Friday, 3 June 2016

Rome Holiday:: Day 1

Hello!!! I am back! From a most beautiful and amazing Roman holiday, full of history, astounding architectural feats and deep seated culture. It wasn't that long a holiday really, but we crammed in an incredible amount of sightseeing- our poor feet were worn to stumps! We had quite an early flight out there, to try and make the best of the day, and arrived at our hotel, Hotel Madrid, at about 12.30pm. It was a great place, a lovely location right next to the Spanish Steps, but so quiet! And it had the added bonus of a rooftop garden with a view over The Vatican, and free tea/coffee/cake provided. We thought we would take immediate advantage to rest a bit after our weary morning travels and it quickly became a daily habit for us to return in the afternoon for an hour or so and sit on the roof garden watching the world go by.

The Spanish Steps (above) are a set of steps leading from the Piazza (square) di Spagna up to the Piazza Trinitá dei Monti which has the Trinitá dei Monti church at the top. It is constantly swamped with tourists as there are also lots of designer shops around the Piazza di Spagna which attract lots of attention and the steps themselves are currently being cleaned and restored so it is blocked off. Usually you would be able to walk on the steps themselves, and they would also be partially covered with an incredible display of Azalea flowers, but for now we had to content ourselves with standing at the bottom gazing up. It is still very impressive with its 135 glistening white steps!

Our hotel was brilliantly situated for lots of sights within walking distance, and we decided to wander over to the Trevi Fountain which was a five minute walk away. The buildings in Rome are incredible- stone masons must have done very well out of building the city as nearly every building is decorated with carved columns, sculpted roofs, embellished walls, crafted window frames.... even quite non-descript buildings had something of interest chiseled into it.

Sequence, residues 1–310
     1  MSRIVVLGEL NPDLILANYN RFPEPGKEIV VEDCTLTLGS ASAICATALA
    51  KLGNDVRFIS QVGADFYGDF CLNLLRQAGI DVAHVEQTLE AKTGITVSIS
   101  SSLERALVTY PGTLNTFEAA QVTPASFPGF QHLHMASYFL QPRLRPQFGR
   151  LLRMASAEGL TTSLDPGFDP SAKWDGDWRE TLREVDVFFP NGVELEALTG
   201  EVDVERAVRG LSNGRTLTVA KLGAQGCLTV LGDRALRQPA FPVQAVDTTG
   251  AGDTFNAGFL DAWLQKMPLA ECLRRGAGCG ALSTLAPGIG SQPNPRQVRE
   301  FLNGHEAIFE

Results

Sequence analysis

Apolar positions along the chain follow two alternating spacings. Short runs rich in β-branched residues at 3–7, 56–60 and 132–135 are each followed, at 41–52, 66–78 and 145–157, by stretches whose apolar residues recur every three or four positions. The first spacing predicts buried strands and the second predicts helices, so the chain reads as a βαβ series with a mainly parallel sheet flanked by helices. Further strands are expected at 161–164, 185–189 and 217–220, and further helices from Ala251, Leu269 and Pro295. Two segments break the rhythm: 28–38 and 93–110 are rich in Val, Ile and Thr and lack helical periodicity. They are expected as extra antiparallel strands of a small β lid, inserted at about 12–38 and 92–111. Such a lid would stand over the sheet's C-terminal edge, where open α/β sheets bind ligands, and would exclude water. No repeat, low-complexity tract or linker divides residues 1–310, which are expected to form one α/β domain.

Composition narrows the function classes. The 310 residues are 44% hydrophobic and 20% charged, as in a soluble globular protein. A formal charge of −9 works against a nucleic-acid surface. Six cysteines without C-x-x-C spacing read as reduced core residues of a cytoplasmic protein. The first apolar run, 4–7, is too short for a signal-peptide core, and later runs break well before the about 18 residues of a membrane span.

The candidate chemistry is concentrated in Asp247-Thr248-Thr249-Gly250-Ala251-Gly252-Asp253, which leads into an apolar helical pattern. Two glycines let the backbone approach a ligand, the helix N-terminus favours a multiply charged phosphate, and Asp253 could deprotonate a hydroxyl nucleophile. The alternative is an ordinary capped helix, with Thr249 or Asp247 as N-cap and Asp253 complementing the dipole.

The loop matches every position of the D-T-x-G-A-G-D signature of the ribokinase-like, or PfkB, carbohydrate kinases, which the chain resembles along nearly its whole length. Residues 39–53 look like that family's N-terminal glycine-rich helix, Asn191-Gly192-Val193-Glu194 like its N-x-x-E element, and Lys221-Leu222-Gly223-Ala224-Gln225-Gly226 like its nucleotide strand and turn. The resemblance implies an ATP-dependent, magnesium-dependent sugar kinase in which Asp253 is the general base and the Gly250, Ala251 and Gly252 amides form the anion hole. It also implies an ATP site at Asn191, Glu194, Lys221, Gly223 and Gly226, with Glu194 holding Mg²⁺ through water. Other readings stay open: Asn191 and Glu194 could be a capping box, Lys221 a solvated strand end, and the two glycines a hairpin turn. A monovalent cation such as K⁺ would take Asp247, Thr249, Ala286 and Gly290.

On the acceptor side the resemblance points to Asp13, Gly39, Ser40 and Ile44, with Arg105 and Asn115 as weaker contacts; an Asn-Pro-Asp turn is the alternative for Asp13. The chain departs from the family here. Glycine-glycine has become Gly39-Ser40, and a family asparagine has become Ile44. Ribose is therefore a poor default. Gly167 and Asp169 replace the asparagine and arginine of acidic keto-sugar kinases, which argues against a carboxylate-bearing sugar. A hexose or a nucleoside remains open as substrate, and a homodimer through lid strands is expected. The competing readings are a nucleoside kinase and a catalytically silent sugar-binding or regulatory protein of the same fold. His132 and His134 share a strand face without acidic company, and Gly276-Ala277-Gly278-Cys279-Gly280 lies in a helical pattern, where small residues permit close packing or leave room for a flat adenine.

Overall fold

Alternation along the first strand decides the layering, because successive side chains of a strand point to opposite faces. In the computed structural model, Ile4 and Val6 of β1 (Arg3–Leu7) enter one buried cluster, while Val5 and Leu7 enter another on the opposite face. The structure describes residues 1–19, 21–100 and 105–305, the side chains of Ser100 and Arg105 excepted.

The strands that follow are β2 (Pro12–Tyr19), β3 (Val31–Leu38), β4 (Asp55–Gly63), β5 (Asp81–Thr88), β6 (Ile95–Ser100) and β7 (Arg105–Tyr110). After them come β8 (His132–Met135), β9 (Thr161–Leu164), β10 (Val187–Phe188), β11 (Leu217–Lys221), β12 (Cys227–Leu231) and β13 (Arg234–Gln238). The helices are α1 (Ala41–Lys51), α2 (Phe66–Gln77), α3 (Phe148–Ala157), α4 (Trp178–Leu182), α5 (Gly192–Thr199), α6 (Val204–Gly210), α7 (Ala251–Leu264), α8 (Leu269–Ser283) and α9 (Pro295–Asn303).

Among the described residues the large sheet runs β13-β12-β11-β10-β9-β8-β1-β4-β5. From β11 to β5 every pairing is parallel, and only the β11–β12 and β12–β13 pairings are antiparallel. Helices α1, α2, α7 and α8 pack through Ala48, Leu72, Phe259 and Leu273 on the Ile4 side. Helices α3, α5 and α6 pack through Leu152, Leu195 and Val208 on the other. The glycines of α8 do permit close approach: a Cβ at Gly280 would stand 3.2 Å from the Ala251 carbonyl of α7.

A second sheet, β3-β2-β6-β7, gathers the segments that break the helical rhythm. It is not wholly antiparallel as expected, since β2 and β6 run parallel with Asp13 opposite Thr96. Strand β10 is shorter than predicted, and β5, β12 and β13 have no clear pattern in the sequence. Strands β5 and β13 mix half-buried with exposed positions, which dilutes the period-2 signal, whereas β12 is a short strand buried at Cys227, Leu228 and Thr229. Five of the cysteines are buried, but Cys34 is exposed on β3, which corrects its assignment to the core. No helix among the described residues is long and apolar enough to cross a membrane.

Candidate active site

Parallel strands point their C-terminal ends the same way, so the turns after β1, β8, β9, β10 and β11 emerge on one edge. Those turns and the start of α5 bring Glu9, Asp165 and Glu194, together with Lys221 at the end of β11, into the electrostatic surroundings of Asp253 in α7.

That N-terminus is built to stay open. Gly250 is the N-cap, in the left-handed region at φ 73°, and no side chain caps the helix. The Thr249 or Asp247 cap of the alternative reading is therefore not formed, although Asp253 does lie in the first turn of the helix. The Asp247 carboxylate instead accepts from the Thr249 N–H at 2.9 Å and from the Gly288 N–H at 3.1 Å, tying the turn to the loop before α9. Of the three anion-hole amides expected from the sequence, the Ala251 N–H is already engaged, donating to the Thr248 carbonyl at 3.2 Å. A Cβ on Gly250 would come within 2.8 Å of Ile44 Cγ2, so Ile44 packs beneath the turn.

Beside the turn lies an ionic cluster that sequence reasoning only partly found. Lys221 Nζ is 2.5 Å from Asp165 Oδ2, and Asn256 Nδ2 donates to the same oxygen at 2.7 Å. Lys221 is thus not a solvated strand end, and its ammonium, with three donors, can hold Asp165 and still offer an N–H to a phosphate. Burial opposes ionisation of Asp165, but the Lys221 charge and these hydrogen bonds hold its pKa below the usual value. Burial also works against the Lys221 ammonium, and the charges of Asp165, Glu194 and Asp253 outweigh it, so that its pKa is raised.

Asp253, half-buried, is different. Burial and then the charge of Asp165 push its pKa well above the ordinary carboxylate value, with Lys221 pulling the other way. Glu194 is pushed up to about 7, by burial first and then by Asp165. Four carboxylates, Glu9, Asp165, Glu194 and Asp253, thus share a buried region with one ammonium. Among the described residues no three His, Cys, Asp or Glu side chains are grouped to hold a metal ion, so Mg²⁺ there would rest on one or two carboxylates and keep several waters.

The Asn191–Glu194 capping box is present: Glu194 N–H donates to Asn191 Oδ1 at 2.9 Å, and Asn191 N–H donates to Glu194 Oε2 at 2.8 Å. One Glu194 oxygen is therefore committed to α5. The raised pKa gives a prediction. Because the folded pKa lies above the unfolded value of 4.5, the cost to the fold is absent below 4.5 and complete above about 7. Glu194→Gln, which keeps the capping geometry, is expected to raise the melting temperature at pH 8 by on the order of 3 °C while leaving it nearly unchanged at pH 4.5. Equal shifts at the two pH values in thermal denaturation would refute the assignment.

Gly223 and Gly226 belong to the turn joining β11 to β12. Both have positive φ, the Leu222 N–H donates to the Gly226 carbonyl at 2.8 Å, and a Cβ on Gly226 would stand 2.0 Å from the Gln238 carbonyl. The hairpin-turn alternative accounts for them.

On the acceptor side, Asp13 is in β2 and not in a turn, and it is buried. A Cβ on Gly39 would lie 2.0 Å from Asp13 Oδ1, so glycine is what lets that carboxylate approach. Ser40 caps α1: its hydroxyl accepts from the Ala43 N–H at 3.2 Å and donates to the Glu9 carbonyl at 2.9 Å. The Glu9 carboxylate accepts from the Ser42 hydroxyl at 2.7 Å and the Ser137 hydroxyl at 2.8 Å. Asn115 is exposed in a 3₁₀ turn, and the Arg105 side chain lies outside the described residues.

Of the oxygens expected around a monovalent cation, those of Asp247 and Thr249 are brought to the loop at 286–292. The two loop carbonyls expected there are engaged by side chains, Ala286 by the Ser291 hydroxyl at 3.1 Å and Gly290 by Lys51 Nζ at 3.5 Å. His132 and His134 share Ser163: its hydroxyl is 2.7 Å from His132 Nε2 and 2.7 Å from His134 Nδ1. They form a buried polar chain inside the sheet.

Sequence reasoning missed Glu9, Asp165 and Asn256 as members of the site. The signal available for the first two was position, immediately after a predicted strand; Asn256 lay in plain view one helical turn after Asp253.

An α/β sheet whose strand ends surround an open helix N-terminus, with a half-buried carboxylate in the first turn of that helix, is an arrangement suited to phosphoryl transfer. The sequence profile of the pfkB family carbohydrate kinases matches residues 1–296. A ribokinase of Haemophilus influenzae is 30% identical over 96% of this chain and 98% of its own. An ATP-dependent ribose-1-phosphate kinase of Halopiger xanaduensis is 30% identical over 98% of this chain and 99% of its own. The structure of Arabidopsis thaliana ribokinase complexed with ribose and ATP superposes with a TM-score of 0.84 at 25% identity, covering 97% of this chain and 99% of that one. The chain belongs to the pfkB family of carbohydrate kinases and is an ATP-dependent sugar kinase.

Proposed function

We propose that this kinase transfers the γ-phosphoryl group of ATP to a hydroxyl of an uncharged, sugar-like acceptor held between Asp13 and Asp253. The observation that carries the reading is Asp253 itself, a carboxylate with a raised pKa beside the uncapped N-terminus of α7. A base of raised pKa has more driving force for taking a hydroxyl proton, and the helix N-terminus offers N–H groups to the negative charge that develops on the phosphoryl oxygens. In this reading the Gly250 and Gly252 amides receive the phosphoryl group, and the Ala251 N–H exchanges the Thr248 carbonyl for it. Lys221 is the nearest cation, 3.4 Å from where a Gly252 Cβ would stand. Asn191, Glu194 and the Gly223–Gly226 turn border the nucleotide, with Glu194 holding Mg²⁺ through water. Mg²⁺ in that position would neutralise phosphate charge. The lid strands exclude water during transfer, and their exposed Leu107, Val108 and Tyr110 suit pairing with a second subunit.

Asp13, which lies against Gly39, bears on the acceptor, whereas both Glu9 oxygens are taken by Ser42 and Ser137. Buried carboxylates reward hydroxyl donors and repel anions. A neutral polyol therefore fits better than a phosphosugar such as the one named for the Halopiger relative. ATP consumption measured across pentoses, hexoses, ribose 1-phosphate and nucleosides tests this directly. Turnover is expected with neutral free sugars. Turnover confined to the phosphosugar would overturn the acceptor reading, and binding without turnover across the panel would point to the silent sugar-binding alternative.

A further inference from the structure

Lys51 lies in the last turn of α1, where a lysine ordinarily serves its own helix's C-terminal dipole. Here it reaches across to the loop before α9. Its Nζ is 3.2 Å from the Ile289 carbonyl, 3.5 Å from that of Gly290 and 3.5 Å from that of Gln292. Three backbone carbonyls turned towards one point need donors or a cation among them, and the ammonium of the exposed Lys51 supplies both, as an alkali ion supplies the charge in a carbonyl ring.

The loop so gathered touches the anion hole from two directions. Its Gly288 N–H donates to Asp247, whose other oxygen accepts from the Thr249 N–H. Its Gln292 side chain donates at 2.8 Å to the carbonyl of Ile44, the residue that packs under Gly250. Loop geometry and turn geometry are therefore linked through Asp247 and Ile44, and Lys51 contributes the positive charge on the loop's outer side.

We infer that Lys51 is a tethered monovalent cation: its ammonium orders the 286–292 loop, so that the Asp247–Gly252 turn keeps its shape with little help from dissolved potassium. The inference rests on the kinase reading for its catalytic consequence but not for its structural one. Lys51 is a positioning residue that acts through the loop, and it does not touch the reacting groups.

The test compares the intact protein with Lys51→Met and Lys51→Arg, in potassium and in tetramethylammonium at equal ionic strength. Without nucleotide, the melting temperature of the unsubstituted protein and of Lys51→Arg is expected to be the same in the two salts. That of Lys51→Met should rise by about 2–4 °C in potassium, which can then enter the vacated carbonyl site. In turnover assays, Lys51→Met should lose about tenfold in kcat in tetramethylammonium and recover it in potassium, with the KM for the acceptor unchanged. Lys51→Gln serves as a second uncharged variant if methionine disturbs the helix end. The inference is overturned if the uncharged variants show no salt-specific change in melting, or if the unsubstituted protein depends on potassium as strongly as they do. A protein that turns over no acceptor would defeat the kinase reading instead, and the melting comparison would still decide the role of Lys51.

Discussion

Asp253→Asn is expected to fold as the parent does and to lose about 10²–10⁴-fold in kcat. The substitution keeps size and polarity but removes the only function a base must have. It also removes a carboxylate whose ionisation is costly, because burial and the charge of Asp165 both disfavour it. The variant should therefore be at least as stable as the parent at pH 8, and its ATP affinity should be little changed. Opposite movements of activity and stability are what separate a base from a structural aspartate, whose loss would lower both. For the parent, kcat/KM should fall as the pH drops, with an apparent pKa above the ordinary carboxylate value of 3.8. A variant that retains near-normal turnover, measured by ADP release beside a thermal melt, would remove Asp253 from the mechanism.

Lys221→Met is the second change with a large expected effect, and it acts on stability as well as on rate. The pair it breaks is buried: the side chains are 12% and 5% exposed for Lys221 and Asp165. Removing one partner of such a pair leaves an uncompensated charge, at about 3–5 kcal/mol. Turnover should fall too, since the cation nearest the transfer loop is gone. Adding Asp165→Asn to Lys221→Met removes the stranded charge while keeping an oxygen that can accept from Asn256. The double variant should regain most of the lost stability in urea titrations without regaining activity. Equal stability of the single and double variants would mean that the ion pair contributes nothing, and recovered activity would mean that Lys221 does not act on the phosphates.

The Fontana di Trevi was incredible, taking up the entire side of a building. The statues in the fountain are very lifelike, and as with the majority of the statues in Rome, have meaning and symbolism behind them. The tall chap in the middle is Ocean, the personification of a river that runs around the Earth and from where all streams begin, to the left of him is Abundance, and on the right is Health. The two horses in front represent the restless violence of the sea and also the calm tranquillity of the sea. Clever huh?

Most of the houses in Rome appear to be flats, especially in the centre of the city, so there aren't any 'English' gardens with lawns and borders- instead, they excel at rooftop gardens or window boxes filled to the brim with bright colourful flowers. We spent the majority of our time walking down the streets with our noses in the air, staring upwards at all of the colours above our heads.

And occasionally on our travels, we came across some very random buildings, like this one above, with its carved faces and door or window mouths.

Continuing our explorations we meandered back past the Spanish Steps and went in the opposite direction until we reached Piazza del Popolo, an enormous square which used to be one of the main entrances into the old city. Now it houses an Egyptian obelisk brought over from Heliopolis surrounded by four little fountains making up the Fontana dell'Obelisco, with two larger fountains at either end of the longer length of the curved square, the old North gate in the centre of the length and on the opposite side are the twin churches of Santa Maria in Montesanto and Santa Maria dei Miracoli- which were under scaffolding at the time of my visit.

We followed the road between the two churches, Via del Corso and came across the church which boasts the second enormous dome that can be seen from the rooftop garden of our hotel, Sant'Ambrogio e Carlo al Corso (usually shortened to San Carlo al Corso). It is stunning when you walk in, immediately hushed by the ambiance and quiet- such a contrast from the bustle of the busy street outside. Looking up the roof is covered in gold and lush paintings, and there are arches everywhere leading up into the incredible dome. They don't do things in halves in Italy!!

We lost count actually, of the amount of domes you could see at any one time in Rome (the one above is St Peter's Basilica, part of The Vatican)- they are absolutely everywhere, almost as common as chimneys here. And at night, they light up like baubles on a Christmas tree. Our first evening in Rome was spent eating gelato from a popular gelataria, Pompi- but as the ice cream started melting before you'd found somewhere to sit, I didn't get many photos of it, you'll just have to trust that it was delicious!!
Join me tomorrow for day two of my Roman adventure!! x

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